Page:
Early diagnosis and treatment of a pleural effusion is the best way to improve prognosis. As therapy options advance for thoracic cancers such as mesothelioma, the survival rate and quality of life for patients with malignant pleural effusions should also improve.
How Are Pleural Effusions Diagnosed?
Doctors can diagnose a pleural effusion of over 300 milliliters, a little over a cup of fluid, through the use of an X-ray. A physical exam also helps your doctor identify signs and symptoms of the condition such as diminished breath sounds and reduced chest expansion.
Many types of disease can cause a pleural effusion, but doctors can examine the cells in the pleural fluid to identify an underlying cause such as asbestos-related cancer.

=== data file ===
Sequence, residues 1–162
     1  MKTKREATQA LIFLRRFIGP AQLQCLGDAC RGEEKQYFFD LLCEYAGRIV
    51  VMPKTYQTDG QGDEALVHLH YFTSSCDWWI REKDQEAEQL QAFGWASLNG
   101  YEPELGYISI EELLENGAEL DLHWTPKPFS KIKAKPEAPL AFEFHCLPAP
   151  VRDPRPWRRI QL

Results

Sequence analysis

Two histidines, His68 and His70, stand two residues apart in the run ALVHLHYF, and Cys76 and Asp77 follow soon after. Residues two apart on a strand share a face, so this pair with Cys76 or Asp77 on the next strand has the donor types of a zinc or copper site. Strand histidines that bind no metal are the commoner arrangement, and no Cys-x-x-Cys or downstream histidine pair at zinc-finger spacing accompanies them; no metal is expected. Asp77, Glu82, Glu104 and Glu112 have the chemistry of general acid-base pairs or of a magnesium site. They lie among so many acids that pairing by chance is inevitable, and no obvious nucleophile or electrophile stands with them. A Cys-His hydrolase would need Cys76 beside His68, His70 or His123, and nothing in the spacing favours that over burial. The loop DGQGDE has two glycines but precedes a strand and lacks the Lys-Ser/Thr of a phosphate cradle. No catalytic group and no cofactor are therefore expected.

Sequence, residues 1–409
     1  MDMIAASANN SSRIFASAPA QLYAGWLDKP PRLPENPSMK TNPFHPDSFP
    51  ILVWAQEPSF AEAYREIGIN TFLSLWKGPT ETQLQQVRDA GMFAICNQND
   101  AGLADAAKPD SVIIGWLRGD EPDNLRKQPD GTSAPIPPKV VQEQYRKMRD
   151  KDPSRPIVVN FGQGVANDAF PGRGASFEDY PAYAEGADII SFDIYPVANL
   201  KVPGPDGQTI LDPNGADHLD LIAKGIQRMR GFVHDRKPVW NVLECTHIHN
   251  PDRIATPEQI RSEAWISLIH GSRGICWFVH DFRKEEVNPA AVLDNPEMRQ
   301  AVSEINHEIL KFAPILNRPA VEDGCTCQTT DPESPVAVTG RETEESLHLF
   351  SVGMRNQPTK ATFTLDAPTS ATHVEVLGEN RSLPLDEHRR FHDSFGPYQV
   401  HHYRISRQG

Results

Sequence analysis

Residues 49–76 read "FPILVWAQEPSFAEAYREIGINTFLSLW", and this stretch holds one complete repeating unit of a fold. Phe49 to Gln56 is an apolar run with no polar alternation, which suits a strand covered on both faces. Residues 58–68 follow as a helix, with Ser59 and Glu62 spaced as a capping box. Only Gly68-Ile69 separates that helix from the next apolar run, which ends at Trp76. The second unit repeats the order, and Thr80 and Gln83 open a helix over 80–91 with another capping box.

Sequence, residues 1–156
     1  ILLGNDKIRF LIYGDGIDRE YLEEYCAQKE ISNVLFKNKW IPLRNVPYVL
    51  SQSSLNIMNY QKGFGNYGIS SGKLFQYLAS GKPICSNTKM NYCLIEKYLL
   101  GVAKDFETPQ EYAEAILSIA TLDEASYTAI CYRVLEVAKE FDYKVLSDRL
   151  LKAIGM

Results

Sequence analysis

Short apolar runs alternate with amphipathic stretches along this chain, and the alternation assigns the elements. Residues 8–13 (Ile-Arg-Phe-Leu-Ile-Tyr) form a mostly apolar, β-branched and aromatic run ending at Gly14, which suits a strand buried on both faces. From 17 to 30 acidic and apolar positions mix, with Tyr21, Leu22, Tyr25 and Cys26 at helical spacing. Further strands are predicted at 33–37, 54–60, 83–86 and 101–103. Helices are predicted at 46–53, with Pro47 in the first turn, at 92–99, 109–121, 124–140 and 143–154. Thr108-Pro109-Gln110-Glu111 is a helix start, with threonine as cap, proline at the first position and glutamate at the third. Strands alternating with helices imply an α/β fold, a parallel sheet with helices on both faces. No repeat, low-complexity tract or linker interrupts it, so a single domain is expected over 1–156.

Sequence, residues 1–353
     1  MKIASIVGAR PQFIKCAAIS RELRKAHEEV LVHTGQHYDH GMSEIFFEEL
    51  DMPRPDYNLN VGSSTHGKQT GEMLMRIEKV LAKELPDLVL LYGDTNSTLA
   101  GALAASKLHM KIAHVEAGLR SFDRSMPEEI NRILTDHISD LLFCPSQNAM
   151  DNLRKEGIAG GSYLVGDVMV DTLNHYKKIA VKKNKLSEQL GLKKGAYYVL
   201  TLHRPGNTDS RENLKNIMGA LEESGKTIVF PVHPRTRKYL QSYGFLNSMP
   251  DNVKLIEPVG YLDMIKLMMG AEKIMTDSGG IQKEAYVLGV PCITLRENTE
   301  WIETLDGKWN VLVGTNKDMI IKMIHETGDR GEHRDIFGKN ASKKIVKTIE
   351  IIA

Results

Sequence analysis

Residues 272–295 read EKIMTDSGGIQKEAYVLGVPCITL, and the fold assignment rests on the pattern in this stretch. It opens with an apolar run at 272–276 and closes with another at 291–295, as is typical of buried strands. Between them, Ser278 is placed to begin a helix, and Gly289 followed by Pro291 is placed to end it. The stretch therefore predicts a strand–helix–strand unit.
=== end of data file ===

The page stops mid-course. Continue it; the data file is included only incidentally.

One method of collecting a sample of pleural fluid is a diagnostic thoracentesis. In this procedure, a doctor inserts a thin needle into the pleural space to extract liquid and then sends the sample to a lab for analysis.
In most cases, if there are cancer cells in the pleural fluid, the underlying cause is lung cancer, mesothelioma, breast cancer or lymphoma. However, thoracentesis alone is insufficient to diagnose mesothelioma, and your doctor will order a biopsy.
Treatment for Pleural Effusions
Most mesothelioma treatment options for pleural effusions are palliative and focus on reducing cancer symptoms and improving respiratory effort. Some options are more invasive and aim to prevent further occurrence of pleural effusion.